A can of beans will cost about a buck and often has salt and preservative. That same buck will buy at least a pound of the same bean which will last for many more meals.

    If you lack time ... the freezer is you friend. Make big batches of stuff. Cook once and microwave much.

    8 Replies
    1. re: rworange

      yea, ive been watching, and i dont think jamie would have a problem with a can of beans, a frozen bean and cheese taco being eaten every day is what he's trying to correct,

      jamie would say taht if youre eating a snack, grab a can of chick peas and salt and pepper, rather than a bag of cheese doodles,

      he's about eating healthy being something thats not just the right thing to do, but something one can do conveniently and without a whole lot of drama

      1. re: rworange

        Your post has me it possible to soak and then freeze beans instead of using the canned? My problem is the fore-thought to remember to soak beans so I usually used canned but I would be just as happy with dried if I could whip them out of the freezer when I get home from work to thaw or run them under hot water for a while like I do with corn and peas etc. Has anyone tried that?

        1. re: melpy

          I freeze beans after I've soaked and cooked them, and they are perfectly fine. Is there a reason you want to freeze them pre-cooked?

              1. re: melpy

                For hummus, you're working with cooked chick peas, so no worries there - soak, boil, cool & freeze. Falafel is a different story, as I believe you need to grind up soaked but uncooked chick peas. That's outside my area of expertise (deep frying scares me), but hopefully someone else will weigh in.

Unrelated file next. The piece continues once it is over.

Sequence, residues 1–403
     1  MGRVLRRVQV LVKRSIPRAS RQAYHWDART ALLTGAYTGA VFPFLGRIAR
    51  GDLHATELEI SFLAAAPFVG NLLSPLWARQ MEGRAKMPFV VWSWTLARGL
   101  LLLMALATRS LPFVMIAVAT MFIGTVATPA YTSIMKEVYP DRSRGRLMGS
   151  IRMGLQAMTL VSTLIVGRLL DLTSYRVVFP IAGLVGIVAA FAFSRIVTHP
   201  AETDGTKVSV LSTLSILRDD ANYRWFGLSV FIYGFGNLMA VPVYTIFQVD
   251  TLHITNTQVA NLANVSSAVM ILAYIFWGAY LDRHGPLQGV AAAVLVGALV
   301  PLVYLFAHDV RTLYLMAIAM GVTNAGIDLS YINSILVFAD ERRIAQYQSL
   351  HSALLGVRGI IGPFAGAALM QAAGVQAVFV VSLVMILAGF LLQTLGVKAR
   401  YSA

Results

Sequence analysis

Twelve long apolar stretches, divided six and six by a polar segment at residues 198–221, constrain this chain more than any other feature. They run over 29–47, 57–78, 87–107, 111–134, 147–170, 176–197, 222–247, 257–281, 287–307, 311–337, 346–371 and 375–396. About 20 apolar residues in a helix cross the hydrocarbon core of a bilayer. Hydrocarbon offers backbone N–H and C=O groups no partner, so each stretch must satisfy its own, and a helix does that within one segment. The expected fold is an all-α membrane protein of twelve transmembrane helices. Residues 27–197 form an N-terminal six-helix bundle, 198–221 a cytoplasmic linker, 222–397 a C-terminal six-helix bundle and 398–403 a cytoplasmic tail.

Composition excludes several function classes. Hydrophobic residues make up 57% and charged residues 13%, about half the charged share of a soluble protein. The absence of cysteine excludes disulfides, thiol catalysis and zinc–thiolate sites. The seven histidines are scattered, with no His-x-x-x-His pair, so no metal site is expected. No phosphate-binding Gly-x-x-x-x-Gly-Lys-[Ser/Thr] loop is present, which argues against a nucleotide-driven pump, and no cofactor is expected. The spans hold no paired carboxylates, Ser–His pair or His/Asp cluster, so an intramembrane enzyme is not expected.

1. re: melpy

              There are many threads on the bean thing, but really $1 of pinto beans from the bulk bin at even Whole Foods yields 3 2cup storage containers,. They freeze well. No need to soak, just put on a simmer and 2 hours later you are done. I mash them when they start to soften roughly with the potato masher because I like the creaminess. If you do a big Sunday cook for the week this works out well as one of the items to cook.

              1. re: melpy

                I freeze beans but microwave to heat. Also, you don't need to soak. Just bring them to a boil and simmer till tender.

            2. Yeah, condiments are the toughest. I went through this a couple years ago and started weeding out the fake-o stuff in my pantry and fridge. Artificial sweetener, HFCS, gums, thickeners, all that stuff went. Not that many of those things don't have their place (I mean, carageenan is made from moss or something, so it's pretty dang natural), just that I want to KNOW when I'm eating them rather than them being in everything.